Finta giardiniera, La (The Pretended Garden-Girl)
  • Wolfgang Amadeus Mozart. Opera buffa in three acts. 1774.
  • Librettist unknown, but attributed by some to Raniero de’ Calzabigi.
  • First performance at the Salvatortheater, Munich, on 13th January 1775.
CHARACTERS
Ramiro, a knight, suitor of Arminda male soprano
Don Anchise, Podestà of Lagonero tenor
La Marchesa Violante Onesti, disguised as the garden-girl Sandrina soprano
Roberto, her servant, disguised as the gardener Nardo baritone
Serpetta, chambermaid to the Podestà soprano
Arminda, niece of the Podestà, a Milanese lady soprano
Il Contino Belfiore tenor

In the Mayor’s garden, the Marchioness disguised as Sandrina seeks her former lover Belfiore, who had stabbed and deserted her, Ramiro has been rejected by Arminda, and the Mayor, Don Anchise, loves the supposed Sandrina. Roberto, alias Nardo, wants to marry Serpetta, who wants to marry the Podestà. Belfiore is now in love with Arminda, who intends to keep him. The second act, in the house, finds Nardo (Roberto) wooing the reluctant Serpetta, Sandrina (Violante) describing Violante’s death to Belfiore, the Mayor attempting to attract Sandrina and Ramiro trying to have Belfiore arrested for the murder of Violante, with the Mayor refusing to allow any niece of his to marry a murderer. In the following scene Sandrina tries to exonerate him by claiming that there was no murder. Finally abandoned through Arminda’s jealous agency in a wood, she hears the others, each mistaking the other’s identity. Now Sandrina, under stress, imagines herself a shepherdess, Cloris, wooing her Thyrsis, Belfiore, whom the Mayor and Ramiro both challenge to a duel, a procedure to which Nardo, Serpetta and Arminda object. Sandrina now imagines herself Medusa, while Belfiore thinks himself Hercules. Still deluded in the third act, Belfiore now addresses Nardo (Roberto) as Venus, while he himself is Mercury. Sandrina, thinking herself Herminea, declares that she loves and will marry Nardo. In the last scene all, as might be expected, comes right. Sandrina and Belfiore are restored to their senses and united, Serpetta agrees to Nardo’s suit and Arminda is happy with Ramiro.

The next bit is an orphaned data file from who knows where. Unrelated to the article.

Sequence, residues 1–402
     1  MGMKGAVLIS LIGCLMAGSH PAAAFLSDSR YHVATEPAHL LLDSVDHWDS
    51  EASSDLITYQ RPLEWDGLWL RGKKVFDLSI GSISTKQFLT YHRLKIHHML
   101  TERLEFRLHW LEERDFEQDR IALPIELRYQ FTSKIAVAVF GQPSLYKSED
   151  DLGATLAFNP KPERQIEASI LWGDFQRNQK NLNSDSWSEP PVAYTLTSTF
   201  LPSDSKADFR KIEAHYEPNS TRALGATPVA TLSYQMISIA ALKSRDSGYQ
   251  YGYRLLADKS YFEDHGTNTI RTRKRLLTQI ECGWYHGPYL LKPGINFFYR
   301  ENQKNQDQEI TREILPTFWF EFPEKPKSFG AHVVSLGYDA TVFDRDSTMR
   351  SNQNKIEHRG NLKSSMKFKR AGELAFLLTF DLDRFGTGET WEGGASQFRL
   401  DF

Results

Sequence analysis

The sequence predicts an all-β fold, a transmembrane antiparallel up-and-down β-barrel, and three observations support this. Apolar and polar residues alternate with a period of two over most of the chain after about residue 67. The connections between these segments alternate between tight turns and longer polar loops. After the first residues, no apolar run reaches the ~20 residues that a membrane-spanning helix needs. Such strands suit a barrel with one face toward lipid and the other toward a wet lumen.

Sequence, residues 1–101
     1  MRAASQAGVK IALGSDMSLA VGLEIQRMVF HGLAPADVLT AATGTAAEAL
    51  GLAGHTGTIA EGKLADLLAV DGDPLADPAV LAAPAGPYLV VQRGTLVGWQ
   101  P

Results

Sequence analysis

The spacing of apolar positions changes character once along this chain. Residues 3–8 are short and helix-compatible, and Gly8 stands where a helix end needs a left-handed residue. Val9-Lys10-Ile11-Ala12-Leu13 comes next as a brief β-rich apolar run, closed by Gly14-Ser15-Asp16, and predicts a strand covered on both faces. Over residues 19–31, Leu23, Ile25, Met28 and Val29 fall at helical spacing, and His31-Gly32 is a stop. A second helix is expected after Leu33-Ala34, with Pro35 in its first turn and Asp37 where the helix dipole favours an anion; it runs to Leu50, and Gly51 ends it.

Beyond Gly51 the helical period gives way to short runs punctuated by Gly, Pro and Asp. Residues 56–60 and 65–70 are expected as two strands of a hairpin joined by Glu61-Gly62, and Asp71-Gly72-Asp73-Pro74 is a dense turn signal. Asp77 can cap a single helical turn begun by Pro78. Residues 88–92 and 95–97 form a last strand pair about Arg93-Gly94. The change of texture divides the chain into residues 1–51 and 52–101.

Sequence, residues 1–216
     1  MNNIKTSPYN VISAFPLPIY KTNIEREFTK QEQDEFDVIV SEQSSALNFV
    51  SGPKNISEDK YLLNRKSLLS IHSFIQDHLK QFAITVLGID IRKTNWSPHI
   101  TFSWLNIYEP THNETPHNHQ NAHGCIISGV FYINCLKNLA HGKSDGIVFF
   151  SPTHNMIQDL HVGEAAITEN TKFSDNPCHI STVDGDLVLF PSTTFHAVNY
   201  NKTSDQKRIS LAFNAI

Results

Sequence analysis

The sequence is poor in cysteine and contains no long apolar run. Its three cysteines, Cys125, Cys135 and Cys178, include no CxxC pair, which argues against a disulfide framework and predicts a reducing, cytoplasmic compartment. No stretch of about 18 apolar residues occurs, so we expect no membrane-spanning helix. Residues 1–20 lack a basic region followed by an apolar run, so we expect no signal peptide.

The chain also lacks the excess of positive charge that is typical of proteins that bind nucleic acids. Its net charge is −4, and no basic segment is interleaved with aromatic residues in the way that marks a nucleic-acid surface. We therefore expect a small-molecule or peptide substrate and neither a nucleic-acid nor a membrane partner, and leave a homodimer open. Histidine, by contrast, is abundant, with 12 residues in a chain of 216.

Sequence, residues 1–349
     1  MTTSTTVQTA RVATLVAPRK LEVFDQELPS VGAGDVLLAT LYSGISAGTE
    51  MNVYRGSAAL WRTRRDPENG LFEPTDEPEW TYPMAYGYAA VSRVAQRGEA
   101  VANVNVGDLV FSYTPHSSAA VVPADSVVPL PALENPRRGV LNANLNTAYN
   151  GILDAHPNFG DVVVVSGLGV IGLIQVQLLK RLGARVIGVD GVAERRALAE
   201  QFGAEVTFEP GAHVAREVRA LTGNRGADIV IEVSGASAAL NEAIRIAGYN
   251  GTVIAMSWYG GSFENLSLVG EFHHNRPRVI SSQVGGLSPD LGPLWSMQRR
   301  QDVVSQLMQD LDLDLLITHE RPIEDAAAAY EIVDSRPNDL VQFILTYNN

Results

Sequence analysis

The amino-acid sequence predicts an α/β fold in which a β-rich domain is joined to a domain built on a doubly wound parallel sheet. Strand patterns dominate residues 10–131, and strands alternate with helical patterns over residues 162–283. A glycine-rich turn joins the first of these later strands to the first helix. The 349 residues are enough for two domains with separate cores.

In a plot of obvious complexity, as characters assume other identities, either consciously or in madness, Mozart, in this his second comic opera, creates more rounded figures out of the stuff of two-dimensional comedy. The overture may be heard in the concert hall, while the musical substance of the opera allows Arminda moments of high drama, with more high-flown writing for the nobility and an appropriately earthier style of relative simplicity for the lower classes.